How accurate do banks need to be in describing the mortgage-backed securities they sell? Unfortunately for the major banks and mortgage lenders, the rules for mortgage-backed securities are essentially the same as for stocks and bonds. The rules are not particularly forgiving of intentionally misleading statements, or even careless omissions. This is in sharp contrast to banking, where intentionally misleading statements about bank account services and fees are not only tolerated, but actually acceptable under the rules that govern the banking business. But bank executives who think they will get away with some of the defective securities they sold, because they met the rules of the banking business, may be in for a bit of a shock when courts judge their past transactions according to the rules of the securities business.
Lawsuits are particularly piling up against Bank of America subsidiary Countrywide Financial, with dozens of suits claiming that the mortgage lender committed securities fraud by not disclosing that most of its mortgages did not meet the underwriting guidelines described in the descriptions of the securities. Government units and government-owned businesses are among the plaintiffs in the suits, which at first glance appear to be substantial enough to eventually put Countrywide Financial into bankruptcy. The settlement of civil securities fraud charges against former Countrywide Financial executives last year, having to do with the company’s stock, may pave the way for these new suits against the company for essentially the same problems in its other securities.
Tonight’s largest bank failure was First Community Bank, by some measures the third largest bank in New Mexico, with $2 billion in deposits and 38 locations. U.S. Bank is taking over the deposits and purchasing the assets, and establishing a presence in a new state. Three of the failed bank’s locations were in Arizona, with the rest in New Mexico, where it was founded in 1922.
The FDIC estimates this closing will cost it $260 million.
State bank regulators closed each of the failed banks tonight. In Colorado, FirsTier Bank was closed, with $782 million in deposits and 8 locations mostly in central Colorado. FirsTier Bank had struggled for a decade, shrinking substantially from its peak, and looked hapless for more than a year, missing a deadline from regulators early in 2010 to raise capital.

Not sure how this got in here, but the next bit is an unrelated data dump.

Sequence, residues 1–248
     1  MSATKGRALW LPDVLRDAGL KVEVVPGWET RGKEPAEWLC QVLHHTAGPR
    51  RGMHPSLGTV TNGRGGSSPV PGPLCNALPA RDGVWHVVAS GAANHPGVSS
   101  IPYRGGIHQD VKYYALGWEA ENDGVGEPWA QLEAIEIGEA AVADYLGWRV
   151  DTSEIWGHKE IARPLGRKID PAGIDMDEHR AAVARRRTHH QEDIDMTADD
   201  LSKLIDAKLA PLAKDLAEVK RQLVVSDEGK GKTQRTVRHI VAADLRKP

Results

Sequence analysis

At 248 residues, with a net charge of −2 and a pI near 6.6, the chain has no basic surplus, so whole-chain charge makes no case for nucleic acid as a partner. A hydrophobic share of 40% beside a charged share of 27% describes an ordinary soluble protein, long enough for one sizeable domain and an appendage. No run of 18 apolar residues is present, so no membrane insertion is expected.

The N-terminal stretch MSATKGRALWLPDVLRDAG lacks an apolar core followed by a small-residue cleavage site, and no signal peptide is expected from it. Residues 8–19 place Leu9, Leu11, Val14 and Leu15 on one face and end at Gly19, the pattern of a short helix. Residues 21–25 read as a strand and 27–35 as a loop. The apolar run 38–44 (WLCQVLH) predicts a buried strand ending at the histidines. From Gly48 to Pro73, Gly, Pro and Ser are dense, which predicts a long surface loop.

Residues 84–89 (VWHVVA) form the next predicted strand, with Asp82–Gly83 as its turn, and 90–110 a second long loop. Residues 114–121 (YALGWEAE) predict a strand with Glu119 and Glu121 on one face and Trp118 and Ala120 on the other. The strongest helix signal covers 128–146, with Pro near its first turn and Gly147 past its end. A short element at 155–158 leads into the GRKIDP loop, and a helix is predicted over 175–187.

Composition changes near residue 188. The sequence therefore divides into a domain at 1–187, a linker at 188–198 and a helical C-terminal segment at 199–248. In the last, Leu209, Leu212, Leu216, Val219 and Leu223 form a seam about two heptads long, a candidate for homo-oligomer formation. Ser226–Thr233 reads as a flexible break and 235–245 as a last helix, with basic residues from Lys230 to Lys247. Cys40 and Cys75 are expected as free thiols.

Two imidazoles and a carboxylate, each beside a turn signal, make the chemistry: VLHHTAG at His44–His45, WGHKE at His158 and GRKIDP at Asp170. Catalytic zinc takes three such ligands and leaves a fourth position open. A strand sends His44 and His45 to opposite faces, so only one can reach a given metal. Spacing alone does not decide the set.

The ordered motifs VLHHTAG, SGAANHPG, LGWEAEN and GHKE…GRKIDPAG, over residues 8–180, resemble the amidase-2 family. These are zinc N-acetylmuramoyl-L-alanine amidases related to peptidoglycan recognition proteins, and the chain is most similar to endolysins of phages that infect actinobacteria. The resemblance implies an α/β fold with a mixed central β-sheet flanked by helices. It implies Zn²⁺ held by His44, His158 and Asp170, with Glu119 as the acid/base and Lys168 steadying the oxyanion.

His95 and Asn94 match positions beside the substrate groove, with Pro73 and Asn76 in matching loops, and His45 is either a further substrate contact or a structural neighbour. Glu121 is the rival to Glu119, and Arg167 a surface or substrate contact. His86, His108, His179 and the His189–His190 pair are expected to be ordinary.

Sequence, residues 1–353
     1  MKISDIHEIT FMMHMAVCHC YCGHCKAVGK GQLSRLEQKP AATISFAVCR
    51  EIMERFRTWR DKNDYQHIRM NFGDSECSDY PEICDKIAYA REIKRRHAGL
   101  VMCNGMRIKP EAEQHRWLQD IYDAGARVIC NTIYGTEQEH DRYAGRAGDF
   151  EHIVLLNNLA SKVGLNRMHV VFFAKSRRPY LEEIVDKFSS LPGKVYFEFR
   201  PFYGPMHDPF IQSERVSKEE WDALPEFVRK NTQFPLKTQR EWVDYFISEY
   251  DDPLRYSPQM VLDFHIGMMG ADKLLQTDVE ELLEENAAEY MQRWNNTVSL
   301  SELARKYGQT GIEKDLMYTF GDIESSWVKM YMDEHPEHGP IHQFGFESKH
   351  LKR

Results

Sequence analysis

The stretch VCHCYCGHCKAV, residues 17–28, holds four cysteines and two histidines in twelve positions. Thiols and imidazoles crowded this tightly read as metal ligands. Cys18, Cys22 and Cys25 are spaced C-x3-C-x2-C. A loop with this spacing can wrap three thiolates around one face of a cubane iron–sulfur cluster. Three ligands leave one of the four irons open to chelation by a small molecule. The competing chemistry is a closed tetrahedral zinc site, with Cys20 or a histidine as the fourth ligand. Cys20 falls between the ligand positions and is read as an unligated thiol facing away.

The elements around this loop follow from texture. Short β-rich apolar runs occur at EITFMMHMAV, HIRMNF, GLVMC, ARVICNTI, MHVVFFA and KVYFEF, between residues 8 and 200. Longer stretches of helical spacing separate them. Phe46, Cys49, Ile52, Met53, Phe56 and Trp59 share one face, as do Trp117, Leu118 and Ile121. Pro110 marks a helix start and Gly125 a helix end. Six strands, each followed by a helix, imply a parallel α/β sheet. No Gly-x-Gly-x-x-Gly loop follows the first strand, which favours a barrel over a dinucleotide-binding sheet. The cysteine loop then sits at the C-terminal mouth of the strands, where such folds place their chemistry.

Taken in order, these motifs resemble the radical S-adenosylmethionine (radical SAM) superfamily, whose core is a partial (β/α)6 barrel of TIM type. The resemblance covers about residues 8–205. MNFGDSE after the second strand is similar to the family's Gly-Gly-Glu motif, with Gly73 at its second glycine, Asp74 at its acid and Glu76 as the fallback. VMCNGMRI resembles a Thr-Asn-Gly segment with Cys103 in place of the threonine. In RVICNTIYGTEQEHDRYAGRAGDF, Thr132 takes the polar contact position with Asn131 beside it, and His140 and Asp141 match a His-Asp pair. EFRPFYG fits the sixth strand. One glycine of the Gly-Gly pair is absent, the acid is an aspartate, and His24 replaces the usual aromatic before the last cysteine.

The FDIC was unable to find a successor bank. It has created a bridge bank to allow checks to clear and customers to withdraw funds for the next two weeks. Customers should arrange to open accounts with other banks immediately starting Monday. The FDIC estimates costs for this closing of $243 million.
FirsTier Bank was one of at least 8 Colorado banks victimized by a Ponzi scheme centered in Lafayette, Colorado. A jury in Denver convicted a business owner a week ago of more than 30 counts involving fraudulent bank loans, which were obtained on a wide range of pretexts, but mostly used to repay previous loans. The scheme included buying houses with mortgage loans, then selling the houses and keeping the money.
Banks failed in familiar places tonight. In addition to the failures in New Mexico and Colorado, there were small bank failures in Oklahoma and Wisconsin:
- Evergreen State Bank, with four locations in southern Wisconsin. The successor is McFarland State Bank.
- The First State Bank, with one location in Camargo, Oklahoma. The successor is Bank 7.
If it seems that the bank failures are trending toward smaller banks, part of the reason is that some of the troubled banks have been shrinking, losing customers as their financial fortunes decline. Evergreen State Bank, for example, reported $269 million in deposits in 2008, but this had declined to $195 million at last report, with a corresponding decline in assets.